Send to

Choose Destination
See comment in PubMed Commons below
Am J Physiol. 1996 Mar;270(3 Pt 1):G506-14.

Progesterone and estrogen are potential mediators of gastric slow-wave dysrhythmias in nausea of pregnancy.

Author information

  • 1Department of Internal Medicine, University of Michigan Medical Center, Ann Arbor 48109-0362, USA.


Women in pregnancy experience nausea, which correlates with gastric slow-wave rhythm disruption. Mediators of these dysrhythmias were explored. To quantitate slow-wave disruption, eight pregnant women with first-trimester nausea underwent electrogastrography after a 250-kcal meal. Results were compared with nonpregnant women with nausea during a prior pregnancy who received estradiol and/or progesterone to levels of the first trimester of pregnancy. Five pregnant women exhibited dysrhythmias, with increases in combined recording time in tachygastria plus bradygastria, as well as decreases in the percentage of electrogastrography signal power in the normal 3 cycle/min range (cpm), compared with nonpregnant women (P<0.05). Estradiol did not evoke dysrhythmias in nonpregnant women; however, progesterone induced increases in recording time in bradygastria plus tachygastria and increases in bradygastric signal power with corresponding decreases in signal power in the 3-cpm range (P<0.05). With estradiol and progesterone coadministration, an additive effect was observed at 3.3 +/- 0.8 h, with increased recording time in bradygastria alone and in bradygastria plus tachygastria with corresponding increases in bradygastric signal power and decreases in power in the 3-cpm range (P<0.05). In conclusion, women with nausea of pregnancy exhibit slow-wave rhythm disruption. Similar dysrhythmias are evoked in nonpregnant women by progesterone alone or in combination with estradiol in doses that reproduce levels in pregnancy. Thus gastric dysrhythmias in pregnancy may be due to a combination of elevated progesterone and estrogen levels.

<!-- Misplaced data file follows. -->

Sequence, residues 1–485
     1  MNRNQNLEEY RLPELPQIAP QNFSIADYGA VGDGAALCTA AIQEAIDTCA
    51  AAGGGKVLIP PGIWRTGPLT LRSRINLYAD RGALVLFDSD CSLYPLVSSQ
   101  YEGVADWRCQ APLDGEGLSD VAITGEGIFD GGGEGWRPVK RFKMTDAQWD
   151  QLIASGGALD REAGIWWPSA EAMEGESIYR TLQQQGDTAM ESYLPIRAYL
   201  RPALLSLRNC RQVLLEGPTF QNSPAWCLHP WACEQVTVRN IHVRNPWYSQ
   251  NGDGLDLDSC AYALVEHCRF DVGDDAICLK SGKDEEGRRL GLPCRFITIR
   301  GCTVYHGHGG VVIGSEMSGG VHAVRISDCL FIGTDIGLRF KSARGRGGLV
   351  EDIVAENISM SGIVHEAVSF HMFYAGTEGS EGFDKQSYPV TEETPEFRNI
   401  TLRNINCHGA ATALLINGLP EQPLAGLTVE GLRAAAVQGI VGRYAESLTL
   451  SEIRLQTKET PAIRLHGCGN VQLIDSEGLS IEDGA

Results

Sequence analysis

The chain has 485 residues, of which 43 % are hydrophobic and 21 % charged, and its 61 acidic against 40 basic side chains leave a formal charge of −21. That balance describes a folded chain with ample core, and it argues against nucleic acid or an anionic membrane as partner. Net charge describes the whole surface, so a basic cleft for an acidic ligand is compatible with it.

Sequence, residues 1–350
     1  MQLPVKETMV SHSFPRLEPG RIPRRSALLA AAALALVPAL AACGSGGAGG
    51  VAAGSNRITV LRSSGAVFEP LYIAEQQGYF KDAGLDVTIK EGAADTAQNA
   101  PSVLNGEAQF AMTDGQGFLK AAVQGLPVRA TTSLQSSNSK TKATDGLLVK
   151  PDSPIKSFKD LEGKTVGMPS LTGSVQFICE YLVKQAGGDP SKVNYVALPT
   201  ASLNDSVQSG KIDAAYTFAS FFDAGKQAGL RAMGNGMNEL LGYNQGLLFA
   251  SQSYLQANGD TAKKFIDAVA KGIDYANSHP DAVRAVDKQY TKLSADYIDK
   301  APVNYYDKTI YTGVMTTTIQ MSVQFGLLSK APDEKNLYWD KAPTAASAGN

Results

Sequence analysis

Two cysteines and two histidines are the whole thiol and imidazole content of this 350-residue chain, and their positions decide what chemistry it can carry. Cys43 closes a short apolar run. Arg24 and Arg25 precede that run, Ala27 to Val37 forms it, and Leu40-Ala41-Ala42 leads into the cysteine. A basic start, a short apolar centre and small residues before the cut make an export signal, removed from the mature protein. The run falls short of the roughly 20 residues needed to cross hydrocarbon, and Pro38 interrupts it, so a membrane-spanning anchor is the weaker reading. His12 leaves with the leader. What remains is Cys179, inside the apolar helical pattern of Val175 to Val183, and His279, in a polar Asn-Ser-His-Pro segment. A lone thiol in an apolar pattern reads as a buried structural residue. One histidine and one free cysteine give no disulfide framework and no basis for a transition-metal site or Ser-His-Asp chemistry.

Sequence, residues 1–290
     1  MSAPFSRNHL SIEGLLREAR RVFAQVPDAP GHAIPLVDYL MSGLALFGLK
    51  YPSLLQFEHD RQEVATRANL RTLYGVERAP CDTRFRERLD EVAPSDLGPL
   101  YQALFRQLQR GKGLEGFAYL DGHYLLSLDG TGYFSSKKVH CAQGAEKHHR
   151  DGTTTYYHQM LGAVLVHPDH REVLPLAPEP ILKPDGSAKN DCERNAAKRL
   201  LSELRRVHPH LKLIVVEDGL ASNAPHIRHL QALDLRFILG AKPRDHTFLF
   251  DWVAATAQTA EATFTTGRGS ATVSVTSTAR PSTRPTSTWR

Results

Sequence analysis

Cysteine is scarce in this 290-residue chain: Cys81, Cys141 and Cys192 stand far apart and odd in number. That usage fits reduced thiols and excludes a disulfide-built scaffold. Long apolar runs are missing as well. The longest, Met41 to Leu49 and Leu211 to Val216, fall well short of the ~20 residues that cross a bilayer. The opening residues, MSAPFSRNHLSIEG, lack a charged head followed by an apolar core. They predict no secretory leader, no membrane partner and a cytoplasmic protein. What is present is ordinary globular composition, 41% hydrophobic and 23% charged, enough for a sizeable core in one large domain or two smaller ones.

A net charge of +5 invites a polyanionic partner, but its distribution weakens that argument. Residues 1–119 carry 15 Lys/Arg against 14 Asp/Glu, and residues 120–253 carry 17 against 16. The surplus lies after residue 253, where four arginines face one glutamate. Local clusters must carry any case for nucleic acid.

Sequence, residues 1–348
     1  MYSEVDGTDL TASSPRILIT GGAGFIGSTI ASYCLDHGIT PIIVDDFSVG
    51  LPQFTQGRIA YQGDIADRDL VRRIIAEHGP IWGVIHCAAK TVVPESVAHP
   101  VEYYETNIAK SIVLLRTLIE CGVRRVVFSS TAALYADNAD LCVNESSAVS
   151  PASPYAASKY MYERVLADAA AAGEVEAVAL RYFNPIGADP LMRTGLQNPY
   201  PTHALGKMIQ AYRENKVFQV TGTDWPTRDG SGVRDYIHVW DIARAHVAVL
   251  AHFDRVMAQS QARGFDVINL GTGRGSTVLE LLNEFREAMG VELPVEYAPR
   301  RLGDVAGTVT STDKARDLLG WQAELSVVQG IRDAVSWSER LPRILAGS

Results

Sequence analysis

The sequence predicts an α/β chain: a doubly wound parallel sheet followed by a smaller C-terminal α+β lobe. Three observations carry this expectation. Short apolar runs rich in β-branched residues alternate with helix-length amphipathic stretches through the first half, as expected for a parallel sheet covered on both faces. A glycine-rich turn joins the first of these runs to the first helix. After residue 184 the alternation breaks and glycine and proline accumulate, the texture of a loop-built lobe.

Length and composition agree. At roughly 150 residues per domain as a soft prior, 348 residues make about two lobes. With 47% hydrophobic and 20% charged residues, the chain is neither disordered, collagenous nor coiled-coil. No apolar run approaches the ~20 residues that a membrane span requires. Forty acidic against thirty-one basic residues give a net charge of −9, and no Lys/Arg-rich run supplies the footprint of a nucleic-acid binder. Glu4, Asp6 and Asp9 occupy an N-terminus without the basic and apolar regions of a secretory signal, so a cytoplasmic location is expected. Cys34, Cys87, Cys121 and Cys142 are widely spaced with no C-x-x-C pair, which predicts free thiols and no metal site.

[PubMed - indexed for MEDLINE]
PubMed Commons home

PubMed Commons

How to join PubMed Commons

    Supplemental Content

    Full text links

    Icon for HighWire
    Loading ...
    Support Center